One shop owner at CIC told Leos this could reduce both the number of estimators he needs and the experience level they would need to prepare thorough estimates.
Iowa shop owner Bob Jones said he had considered something similar in years past, perhaps ordering everything needed for a corner hit as kit, for example, but that insurers would balk if the unneeded items included initially were removed from the bill later in the process. Leos reiterated that he envisions an estimator taking the estimate that the system generates out to the car to omit parts or procedures not needed for that vehicle’s particular damage.
Some of the groups who earlier this year called on automakers to help the industry establish OEM procedures as the industry’s “repair standards” praised Toyota for getting shops this easy access to the company’s repair procedures.
“We really appreciate what you’ve done to lead the pack,” Scott Biggs of Assured Performance Network told the Toyota representatives.
“You opened the door for us,” Raskind told the groups who have pushed for OEM procedures as the industry’s repair standards. “We’re now taking a bold step through it.”
New chairman offers perspective
Also in Las Vegas, Mike Quinn of Caliber Collision completed his final meeting as chairman of CIC, and George Avery of State Farm offered his thoughts as the incoming chairman. Avery acknowledged that his selection to lead CIC, which was made by those who have previously chaired the conference, has not been universally popular – particularly among those discussing it on “social media” – given his role at State Farm.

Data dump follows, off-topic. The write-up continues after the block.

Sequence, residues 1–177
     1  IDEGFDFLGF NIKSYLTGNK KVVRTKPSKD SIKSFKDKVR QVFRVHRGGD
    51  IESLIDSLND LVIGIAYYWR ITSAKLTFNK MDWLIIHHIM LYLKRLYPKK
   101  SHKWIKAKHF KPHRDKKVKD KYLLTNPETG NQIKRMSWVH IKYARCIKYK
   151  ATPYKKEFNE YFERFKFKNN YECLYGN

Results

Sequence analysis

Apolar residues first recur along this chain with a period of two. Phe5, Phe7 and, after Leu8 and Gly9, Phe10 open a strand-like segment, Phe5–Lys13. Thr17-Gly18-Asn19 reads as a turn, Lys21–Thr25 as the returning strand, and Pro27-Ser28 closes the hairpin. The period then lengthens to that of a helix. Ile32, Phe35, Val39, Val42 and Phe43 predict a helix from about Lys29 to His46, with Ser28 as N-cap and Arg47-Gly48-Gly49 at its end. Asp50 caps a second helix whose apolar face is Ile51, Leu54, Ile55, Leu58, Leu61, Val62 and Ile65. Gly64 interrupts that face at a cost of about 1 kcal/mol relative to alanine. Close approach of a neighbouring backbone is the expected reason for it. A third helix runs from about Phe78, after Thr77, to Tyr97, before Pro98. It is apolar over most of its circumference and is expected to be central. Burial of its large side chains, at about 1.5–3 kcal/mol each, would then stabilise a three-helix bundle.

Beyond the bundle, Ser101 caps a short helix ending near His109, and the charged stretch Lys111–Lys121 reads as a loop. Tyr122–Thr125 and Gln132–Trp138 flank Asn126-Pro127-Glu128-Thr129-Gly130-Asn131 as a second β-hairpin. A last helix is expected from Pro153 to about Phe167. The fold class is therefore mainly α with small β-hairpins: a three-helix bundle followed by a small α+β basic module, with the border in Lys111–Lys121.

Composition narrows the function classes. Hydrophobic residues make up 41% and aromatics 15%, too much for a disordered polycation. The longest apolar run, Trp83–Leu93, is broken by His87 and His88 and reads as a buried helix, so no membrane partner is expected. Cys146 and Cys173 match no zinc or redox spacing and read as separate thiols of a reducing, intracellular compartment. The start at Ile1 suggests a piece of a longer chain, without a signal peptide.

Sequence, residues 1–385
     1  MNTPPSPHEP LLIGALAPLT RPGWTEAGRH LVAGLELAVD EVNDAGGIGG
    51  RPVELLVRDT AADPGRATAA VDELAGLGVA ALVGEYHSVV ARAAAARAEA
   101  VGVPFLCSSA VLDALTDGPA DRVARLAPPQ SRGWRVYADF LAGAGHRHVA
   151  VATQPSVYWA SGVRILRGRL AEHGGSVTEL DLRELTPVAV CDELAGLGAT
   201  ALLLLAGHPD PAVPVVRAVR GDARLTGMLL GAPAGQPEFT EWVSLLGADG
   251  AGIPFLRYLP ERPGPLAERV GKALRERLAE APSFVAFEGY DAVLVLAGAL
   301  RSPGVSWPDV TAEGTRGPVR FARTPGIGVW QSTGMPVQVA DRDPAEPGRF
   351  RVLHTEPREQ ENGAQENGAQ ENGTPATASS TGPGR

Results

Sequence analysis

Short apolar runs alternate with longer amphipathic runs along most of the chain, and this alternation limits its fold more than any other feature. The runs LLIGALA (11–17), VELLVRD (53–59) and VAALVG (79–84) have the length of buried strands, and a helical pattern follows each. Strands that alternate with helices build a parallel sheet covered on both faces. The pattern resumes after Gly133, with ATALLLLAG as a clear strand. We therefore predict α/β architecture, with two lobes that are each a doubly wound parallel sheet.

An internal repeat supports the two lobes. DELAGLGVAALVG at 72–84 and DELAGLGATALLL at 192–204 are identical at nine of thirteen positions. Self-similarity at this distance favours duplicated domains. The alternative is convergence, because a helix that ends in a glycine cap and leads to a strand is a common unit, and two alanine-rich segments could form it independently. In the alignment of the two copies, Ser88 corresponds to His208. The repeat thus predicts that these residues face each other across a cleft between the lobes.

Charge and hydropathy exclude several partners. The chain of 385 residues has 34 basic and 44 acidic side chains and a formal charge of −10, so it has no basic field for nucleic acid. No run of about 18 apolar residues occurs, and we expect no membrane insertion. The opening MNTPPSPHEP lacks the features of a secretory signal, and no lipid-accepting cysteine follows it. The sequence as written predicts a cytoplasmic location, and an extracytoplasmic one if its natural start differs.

“The past chairs did select George Avery, not necessarily the company that he works for,” Avery said. “The George Avery that accepted was the one who started as a painter’s helper and over the years has made his way through the collision industry.”
Avery’s career at State Farm has now spanned more than 30 years. He is not the first insurance company representative to chair CIC. Joe Landolfi chaired the conference in 1995 and 1996 when he was an executive with Kemper Insurance. And Roger Wright joined AIG Insurance several months into his two years as CIC chairman in 2003 and 2004.
Avery in Las Vegas reiterated his believe in the value of CIC, noting that the industry in Canada used CIC as a model for a similar organization in that country, and that the restoration industry on the property insurance side is “desperately today trying to get a CIC to get all stakeholders in the room.”
“So we can’t lose sight that CIC is a place where we can all talk,” Avery said, “We all go to meetings with our own folks, our own disciplines, and that’s healthy and good. But having an opportunity to all get together is very important.”
Avery said he is working on a system to give more participants at CIC “a voice” even if they don’t get up to the microphone at the meetings.
He will chair his first CIC meeting on January 24-25 in Palm Springs, CA.
That meeting is CIC’s biennial “planning meeting” at which the committees and broad subject matter for the coming two years are developed.
John Yoswick, a freelance writer based in Portland, Oregon, who has been writing about the automotive industry since 1988, is also the editor of the weekly CRASH Network (for a free 4-week trial subscription, visit www.CrashNetwork.com). He can be contacted by email at jyoswick@SpiritOne.com.